Mears has just one year of experience in stock cars, after earning only two top-10 finishes on last year’s Busch Series. He finished 21st in driver points and was rarely a threat to win, but his success in USAC, CART and IRL open wheel was apparently enough to convince Ganassi that he may have another Jeff Gordon or Tony Stewart in the making. Mears is the nephew of four-time Indianapolis 500 winner Rick Mears, and the son of off-road racing champion Roger Mears.
"I'm excited to be starting my Winston Cup career with Target Chip Ganassi Racing," said Mears "This is a great opportunity for me to be a part of a first-class organization that is dedicated to winning championships" Veteran Jimmy Elledge will serves as crewchief for the team, after spending four years in the same role at Andy Petree Racing.
Tony Stewart was on his best behavior at last weekend’s NASCAR Winston Cup banquet in New York City, even earning a few laughs from members of the media. While on stage to receive his awards, Stewart pulled out a camera and began snapping pictures of the photographers, saying he had always wondered what the attraction was. Later, the newly crowned champion held up an alleged "diploma" from an anger management course, joking that NASCAR President Mike Helton had ordered him not to attend without it.
Earlier in the week, Stewart showed his appreciation for crewchief Greg Zipadelli, following through on a long-forgotten promise by presenting Zipadelli with a brand new, red Chevrolet Corvette; parked at the Park Avenue entrance of the Waldorf-Astoria Hotel.
Short (Track) Subjects…
…Kevin Lepage is branching out. The Shelburne driver, still seeking a full-time Winston Cup or Busch Series ride for next season, will compete in the Rolex 24 sports car race at Daytona on February 1-2, joining fellow Vermonter Dave Machavern in the Heritage Motorsports Mustang. Lepage and Machavern will team Tommy Riggins and a fourth driver to be named later.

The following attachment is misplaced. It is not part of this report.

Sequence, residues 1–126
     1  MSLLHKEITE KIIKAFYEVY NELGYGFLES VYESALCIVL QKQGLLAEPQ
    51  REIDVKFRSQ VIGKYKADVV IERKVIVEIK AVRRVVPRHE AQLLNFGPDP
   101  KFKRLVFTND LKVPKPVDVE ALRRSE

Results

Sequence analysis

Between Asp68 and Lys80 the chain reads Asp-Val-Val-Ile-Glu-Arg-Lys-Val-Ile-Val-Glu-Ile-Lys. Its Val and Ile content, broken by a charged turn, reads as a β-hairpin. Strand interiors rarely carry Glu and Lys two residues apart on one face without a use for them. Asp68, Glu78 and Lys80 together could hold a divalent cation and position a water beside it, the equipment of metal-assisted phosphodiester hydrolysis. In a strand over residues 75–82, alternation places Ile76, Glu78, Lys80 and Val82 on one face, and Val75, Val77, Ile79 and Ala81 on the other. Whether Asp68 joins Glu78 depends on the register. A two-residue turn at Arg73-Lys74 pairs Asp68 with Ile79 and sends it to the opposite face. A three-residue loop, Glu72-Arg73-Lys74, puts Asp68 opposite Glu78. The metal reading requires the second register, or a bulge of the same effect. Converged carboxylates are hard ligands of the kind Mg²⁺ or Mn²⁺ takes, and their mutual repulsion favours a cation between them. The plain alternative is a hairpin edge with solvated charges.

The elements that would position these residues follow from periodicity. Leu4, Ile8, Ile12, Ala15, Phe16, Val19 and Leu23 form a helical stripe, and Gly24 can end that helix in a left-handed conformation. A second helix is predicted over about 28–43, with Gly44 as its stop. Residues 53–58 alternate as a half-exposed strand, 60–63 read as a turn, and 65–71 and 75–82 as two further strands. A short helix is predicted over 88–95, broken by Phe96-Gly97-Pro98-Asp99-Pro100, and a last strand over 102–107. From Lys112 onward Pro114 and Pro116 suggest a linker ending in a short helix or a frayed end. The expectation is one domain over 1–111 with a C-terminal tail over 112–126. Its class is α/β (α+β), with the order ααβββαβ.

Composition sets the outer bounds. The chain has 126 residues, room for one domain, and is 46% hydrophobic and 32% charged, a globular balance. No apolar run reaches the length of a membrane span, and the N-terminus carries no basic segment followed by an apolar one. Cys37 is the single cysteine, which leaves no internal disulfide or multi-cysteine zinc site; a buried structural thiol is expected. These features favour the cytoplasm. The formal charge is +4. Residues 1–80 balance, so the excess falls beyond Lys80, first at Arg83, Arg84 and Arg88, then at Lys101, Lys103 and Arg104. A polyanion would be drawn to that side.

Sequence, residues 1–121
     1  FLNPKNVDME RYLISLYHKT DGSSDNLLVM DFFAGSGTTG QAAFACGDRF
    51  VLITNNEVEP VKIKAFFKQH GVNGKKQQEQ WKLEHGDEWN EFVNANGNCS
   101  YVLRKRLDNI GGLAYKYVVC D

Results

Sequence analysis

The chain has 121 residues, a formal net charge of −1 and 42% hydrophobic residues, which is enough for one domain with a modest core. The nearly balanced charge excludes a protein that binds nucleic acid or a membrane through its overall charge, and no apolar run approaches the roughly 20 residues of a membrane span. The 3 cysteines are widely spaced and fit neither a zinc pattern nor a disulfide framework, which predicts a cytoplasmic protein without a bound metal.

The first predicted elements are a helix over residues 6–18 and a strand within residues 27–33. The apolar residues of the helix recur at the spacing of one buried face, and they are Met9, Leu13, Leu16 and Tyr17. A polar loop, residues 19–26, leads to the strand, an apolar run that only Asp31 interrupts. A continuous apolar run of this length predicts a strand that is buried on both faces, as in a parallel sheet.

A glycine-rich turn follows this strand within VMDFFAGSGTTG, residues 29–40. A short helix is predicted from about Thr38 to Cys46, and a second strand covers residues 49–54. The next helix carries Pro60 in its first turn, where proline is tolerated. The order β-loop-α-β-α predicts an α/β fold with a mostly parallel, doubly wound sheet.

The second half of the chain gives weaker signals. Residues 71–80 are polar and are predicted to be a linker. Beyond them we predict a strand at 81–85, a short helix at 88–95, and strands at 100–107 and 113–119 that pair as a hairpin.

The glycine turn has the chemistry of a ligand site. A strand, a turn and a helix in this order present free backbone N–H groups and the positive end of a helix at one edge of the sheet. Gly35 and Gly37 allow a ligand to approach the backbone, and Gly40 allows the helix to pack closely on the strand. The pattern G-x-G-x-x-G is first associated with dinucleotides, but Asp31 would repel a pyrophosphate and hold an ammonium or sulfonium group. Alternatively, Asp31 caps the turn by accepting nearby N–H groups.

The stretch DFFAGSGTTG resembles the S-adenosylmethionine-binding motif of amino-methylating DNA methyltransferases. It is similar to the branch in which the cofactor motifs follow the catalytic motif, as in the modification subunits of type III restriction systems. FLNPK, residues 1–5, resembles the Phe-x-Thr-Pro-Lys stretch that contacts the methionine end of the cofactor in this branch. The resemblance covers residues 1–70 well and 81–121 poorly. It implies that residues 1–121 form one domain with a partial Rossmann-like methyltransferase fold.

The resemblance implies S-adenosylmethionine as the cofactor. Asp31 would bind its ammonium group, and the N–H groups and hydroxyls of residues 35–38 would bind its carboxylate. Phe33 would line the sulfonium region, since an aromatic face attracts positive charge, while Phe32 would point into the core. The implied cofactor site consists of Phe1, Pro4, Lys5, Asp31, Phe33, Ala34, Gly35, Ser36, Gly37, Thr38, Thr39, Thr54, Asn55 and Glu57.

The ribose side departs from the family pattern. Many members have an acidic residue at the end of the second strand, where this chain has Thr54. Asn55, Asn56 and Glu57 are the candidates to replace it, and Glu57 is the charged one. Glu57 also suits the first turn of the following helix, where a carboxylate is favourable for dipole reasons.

"Getting the chance to run the Rolex 24 will be the thrill of a lifetime. I've always liked road racing, and this will give me a chance to start 2003 behind the wheel of a competitive race car."
…Sterling Marlin is back behind the wheel. Marlin -- who suffered a fractured cervical vertebra in a late-September crash at Kansas Speedway -- was examined by neurosurgeon Dr. Jerry Petty and spinal injury specialist Dr. Dom Coric last week. The two declared Marlin healed and ready to race again, and the veteran driver took part in testing at Talladega earlier this week.
…A.J. Foyt Racing will switch to Dodge in 2003, with engines supplied by Ray Evernham. Foyt's son Larry will drive the #14 Intrepid, with sponsorship from the Harrah’s Casino.
…New Canaan Fair (NH) Speedway owner C.V. Elms, III,
announced this week that the New Hampshire asphalt oval will run a weekly
Saturday night program in 2003. A new sanctioning body -- Canaan Association of
Racers for Racers (CARR) - will oversee a weekly six-division slate of Modifieds,
Pro Stocks, Late Models,
Street Stocks, Mini Stocks, and Strictly Stocks on the 1/3 mile Canaan track. The group consists mainly of recently disaffected Claremont (NH) Speedway Pro Stock drivers, who saw their division dropped at the end of last season, and now need a new place to race. A rules meeting for interested drivers and car owners has been set for next Saturday at noon at the Canaan Fair Speedway function hall.
…Brian Vickers has been tabbed to steer the Hendrick
Motorsports/GMAC Financial Services Chevrolet on the 2003 NASCAR Busch Series.
Car-owner Ricky Hendrick made the announcement this week, saying, "I've
always been impressed with his attitude, personality and ability on the race
track. Brian has the potential to be a
great race car driver. He's bringing the kind of energy and desire it takes to be successful in this sport, and I have no doubt that he'll be a winning addition to Hendrick Motorsports."
…Our sources in the Granite State say that New Hampshire International Speedway owner Bob Bahre will once again grind and resurface the asphalt in the turns of the Loudon oval next spring; the latest in a series of seemingly futile efforts to satisfy critics of the Loudon oval.